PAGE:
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Monday, December 2, 2013


Chenin blanc wines have a long and varied history in South Africa. Originating in the Loire valley of France, they are thought to have been the vines that Jan van Riebeeck planted at the Cape more than 350 years ago.

Today they occupy about one-fifth of all South African vineyards. For a long time they were a kind of poor relation in our viticultural scene, often going under the name of steen, producing off-dry, inexpensive and undistinguished single-cultivar wines from high-yielding vineyards, and used as a part of the blend in a wide variety of other white wines.

About 20 years ago, the story began to change quite dramatically. Winemakers recognised the potential of Cape chenin blanc and used sophisticated methods to produce a new range of high quality wines that are now regarded as among the world’s best chenins.

Typical characteristics of this wine are a floral aroma and flavours of apple, melon, guava, pineapple, honey, nuts, and these were all evident in an outstanding tasting presented by Peter and Annette Hoyer when our private wine group met recently at their house.

We tasted six wines, most of them unfamiliar territory, I would guess, even to seasoned wine-drinkers.  The tasting was, as usual, blind. We were given descriptions of the wines, but not the order in which they were poured.

Most of the wines came from the Swartland area and they were all the dry type of chenin. Our scoring was consistently high, indicating our appreciation of their quality.

Top mark wine to the most expensive wine, the Skurfberg 2011 chenin from Sadie Family Wines, a Malmesbury cellar. The grapes used for this wine came from unirrigated, unfertilised bush vines planted in the 1950’s near the Skurfberg (rough mountain) in the Olifants River area, just north of Malmesbury.

The wine is a subtle combination of flavours and aromas:  apple, peach, melon, almond, with a savoury background. It is given five stars in the Platter wine guide, and its retail price is about R180 a bottle.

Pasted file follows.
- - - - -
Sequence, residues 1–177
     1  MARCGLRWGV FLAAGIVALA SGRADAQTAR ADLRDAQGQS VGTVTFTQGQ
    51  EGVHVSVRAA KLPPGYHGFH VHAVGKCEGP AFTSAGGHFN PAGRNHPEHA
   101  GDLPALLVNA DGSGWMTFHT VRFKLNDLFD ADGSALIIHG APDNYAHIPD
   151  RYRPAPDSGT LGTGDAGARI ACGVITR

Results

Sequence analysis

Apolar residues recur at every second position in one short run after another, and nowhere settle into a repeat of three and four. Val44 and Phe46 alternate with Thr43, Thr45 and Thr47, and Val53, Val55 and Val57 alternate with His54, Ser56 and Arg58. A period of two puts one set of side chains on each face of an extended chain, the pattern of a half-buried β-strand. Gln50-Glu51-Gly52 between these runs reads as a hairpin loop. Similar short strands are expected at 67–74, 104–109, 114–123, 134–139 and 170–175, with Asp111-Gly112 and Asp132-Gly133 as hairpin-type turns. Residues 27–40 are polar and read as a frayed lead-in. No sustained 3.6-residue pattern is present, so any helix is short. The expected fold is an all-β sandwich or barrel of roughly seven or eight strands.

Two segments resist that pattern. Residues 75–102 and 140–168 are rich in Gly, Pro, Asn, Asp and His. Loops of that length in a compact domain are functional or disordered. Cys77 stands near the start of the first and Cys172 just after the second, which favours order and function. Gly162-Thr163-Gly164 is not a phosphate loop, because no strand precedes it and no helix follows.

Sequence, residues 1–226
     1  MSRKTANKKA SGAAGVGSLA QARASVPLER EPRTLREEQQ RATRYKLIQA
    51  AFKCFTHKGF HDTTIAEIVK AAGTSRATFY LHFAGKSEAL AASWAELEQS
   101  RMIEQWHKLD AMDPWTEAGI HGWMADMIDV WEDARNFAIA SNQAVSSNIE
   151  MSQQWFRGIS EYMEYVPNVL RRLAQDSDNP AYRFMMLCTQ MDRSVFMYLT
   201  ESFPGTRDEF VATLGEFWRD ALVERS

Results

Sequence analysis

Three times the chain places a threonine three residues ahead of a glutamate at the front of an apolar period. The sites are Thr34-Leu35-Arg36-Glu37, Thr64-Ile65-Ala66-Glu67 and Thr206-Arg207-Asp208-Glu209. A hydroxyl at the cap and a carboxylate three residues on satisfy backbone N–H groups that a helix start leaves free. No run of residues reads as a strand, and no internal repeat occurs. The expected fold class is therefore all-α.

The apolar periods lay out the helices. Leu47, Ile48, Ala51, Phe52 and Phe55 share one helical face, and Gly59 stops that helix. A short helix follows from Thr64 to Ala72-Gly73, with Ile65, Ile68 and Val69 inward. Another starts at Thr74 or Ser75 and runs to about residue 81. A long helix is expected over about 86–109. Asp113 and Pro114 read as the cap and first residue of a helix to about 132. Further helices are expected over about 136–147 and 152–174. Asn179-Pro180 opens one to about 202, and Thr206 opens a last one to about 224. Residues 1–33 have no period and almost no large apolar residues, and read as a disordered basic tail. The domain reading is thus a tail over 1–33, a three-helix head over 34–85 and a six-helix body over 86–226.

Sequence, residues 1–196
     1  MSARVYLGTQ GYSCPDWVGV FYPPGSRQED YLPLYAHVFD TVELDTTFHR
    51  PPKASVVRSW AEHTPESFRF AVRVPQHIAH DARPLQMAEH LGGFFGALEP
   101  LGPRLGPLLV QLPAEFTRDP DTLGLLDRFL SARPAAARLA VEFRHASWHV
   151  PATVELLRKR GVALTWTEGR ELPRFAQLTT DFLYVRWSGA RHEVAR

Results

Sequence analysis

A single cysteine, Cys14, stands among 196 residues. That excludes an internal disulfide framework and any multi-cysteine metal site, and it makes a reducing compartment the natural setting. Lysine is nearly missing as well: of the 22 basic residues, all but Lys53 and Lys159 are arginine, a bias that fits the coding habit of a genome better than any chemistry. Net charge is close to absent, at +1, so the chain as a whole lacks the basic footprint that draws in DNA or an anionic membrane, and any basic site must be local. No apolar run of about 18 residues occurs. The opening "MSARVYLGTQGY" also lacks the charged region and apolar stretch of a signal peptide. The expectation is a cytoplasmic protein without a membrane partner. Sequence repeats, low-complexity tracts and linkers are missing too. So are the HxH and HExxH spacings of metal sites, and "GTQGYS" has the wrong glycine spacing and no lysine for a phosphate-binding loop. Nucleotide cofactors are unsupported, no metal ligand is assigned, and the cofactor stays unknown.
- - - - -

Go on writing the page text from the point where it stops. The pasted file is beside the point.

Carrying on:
Second place in our scoring went to another wine from the Swartland, from the not widely known Dewaldt Heyns Family Wines cellar. Their Weathered Hands Chenin Blanc 2010 is made from vines that are 40 years old, and the result is a creamy, full-bodied, elegant wine that earns four stars in Platter. Price:  about R130.

The scoring was close, and the other chenin blancs tasted were:

Mullineux Kloof Street 2012 from Mullineux Family Wines, another Swartland cellar, this time at Riebeek Kasteel. Another four-star wine, with a bouquet of pears, a golden colour and a taste of tropical fruit.  About R80.

Cederberg Chenin Blanc 2012, from the Cederberg Private Cellar at Citrusdal, also four stars, crisp, fresh, with hints of melon, grapefruit, apples and pears.  R80.

Ken Forrester Old Vines Reserve 2012, four stars, from a Stellenbosch cellar that has become famous for its chenin. Full-bodied, with spicy baked apple aroma, honey and caramel flavours.  R90.

Mulderbosch Steen op Hout (chenin on wood) 2011, partly barrel-fermented, as the name suggests, four stars, aroma of guava, pear and orange blossom, granadilla  and grapefruit on the palate. R75.

These are all exceptional wines. There are many good chenin blancs available at substantially lower prices.  Try them.  I don’t think you will be disappointed. – Michael Green